Veterans could lose their VA benefits for two reasons: Incarceration and multiple foreclosures.
For incarcerated veterans, a reduction or loss of benefits is determined by the crime committed and the resulting prison sentence E.G. whether the offense was a felony or misdemeanor. Benefits commonly affected by a prison sentence include educational as well as disability entitlements.
Veterans who have more than one foreclosure will lose their VA home loan benefit, though this entitlement can be regained.
Multiple Foreclosure on a VA Loan
Foreclosure on a home occurs when the borrower cannot pay back the loan taken out to purchase the property.
Although the VA home loan is an entitlement that can be used any number of times, foreclosing for a second time will result in the loss of the VA home loan benefit. Because the VA guarantees their loans, a foreclosure on a VA home loan causes the government to lose money when the borrower stops making payments.The government will not issue a future loan to someone with an unpaid balance and two foreclosures. Note that one foreclosure is not grounds for a loss of benefit. In fact, if you have foreclosed on a VA loan, you can apply for a second VA loan.
For veterans who have foreclosed twice, the good news is that losing this benefit isn’t necessarily permanent. Once the loss has been paid back in full, the borrower is again eligible for the VA loan.
Moreover, veterans facing foreclosure may qualify for a short sale. A short sale is a far more desirable outcome for a seller than a foreclosure because it will appear on a credit report as a settlement.
Remember, VA Home Loan Centers provides our service at no charge to upside down veterans and active duty service members looking to short sale.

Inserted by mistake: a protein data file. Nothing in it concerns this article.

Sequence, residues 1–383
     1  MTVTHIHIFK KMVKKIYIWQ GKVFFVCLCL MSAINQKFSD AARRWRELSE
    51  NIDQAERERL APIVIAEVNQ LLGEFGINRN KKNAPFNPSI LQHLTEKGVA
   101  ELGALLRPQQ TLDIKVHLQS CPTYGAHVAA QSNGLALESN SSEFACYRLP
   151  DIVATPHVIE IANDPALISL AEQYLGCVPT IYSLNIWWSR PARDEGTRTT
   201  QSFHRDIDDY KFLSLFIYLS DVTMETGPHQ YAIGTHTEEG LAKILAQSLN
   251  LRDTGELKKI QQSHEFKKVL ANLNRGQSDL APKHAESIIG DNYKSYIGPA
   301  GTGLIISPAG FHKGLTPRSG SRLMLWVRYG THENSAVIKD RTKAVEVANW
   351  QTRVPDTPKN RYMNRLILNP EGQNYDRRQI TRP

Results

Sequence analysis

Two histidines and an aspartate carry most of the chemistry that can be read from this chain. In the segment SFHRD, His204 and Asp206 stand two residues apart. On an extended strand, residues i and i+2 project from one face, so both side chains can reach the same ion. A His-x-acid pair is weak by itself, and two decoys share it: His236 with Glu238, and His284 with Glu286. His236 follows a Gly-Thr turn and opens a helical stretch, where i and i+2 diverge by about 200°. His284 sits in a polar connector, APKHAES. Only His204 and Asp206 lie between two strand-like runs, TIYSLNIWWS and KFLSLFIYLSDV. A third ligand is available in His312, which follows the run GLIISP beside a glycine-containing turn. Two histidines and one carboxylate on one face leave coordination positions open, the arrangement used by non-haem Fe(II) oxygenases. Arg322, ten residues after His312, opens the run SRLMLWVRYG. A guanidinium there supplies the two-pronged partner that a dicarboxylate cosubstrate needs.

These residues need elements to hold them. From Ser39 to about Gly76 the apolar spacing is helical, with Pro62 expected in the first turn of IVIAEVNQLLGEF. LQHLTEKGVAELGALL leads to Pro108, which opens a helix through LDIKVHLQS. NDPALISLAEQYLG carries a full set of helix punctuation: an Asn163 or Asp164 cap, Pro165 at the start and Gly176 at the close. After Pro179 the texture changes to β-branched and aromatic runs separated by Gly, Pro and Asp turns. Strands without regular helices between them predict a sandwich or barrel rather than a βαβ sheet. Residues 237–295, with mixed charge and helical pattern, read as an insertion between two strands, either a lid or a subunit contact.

Veterans currently imprisoned are still eligible to receive their education benefit, though the benefit is restricted if the crime committed resulted in a felony conviction. Those serving time on misdemeanors, who wish to pursue an education, are entitled to have the entirety of the costs accrued covered by the VA.
Inmates serving felony convictions may still receive financial aid for the purpose of education from the VA. Though, these costs are restricted to “tuition fees and necessary books, equipment and supplies.”
According to the U.S. Department of Veteran Affairs, the VA will not pay any educational benefits if there is another program that is paying educational fees in full at that time. However, if another government program is paying for a half of your education fees, the VA will pay the other half, or whatever the remaining fees total.
Imprisonment for a felony will result in the reduction of disability benefits following the 60th day of time served. On the 61st day, the inmates’ disability rate will drop to 10 percent if it was previously above 20 percent. If the rate was 10 percent it will be reduced to half of that. Following a release from prison, the compensation may be collected in full again, depending on the individuals level of disability.
For a misdemeanor, compensation benefits will remain the same.
Unlike disability compensation, disability pension will be lost completely regardless of the crime committed and the accompanying sentence. Payments will stop on the 61st day of incarceration. These payments may be collected again following a release from prison, but only if all VA eligibility requirements are again met.
Dependents Receiving the Benefits
An inmate who is not receiving their benefits in prison can opt to have the payments sent to their spouse, children, or parents if they are dependents of the inmate. Whoever is to receive the benefit payments, must apply to get the money from the VA, because it will not be sent automatically.
Benefits and compensation can be resumed on the date the inmate is released from prison. For this to happen, the Department of Veterans Affairs must be notified of the scheduled release date within one year of it. Furthermore, this release date must be confirmed with the VA 30 days from release.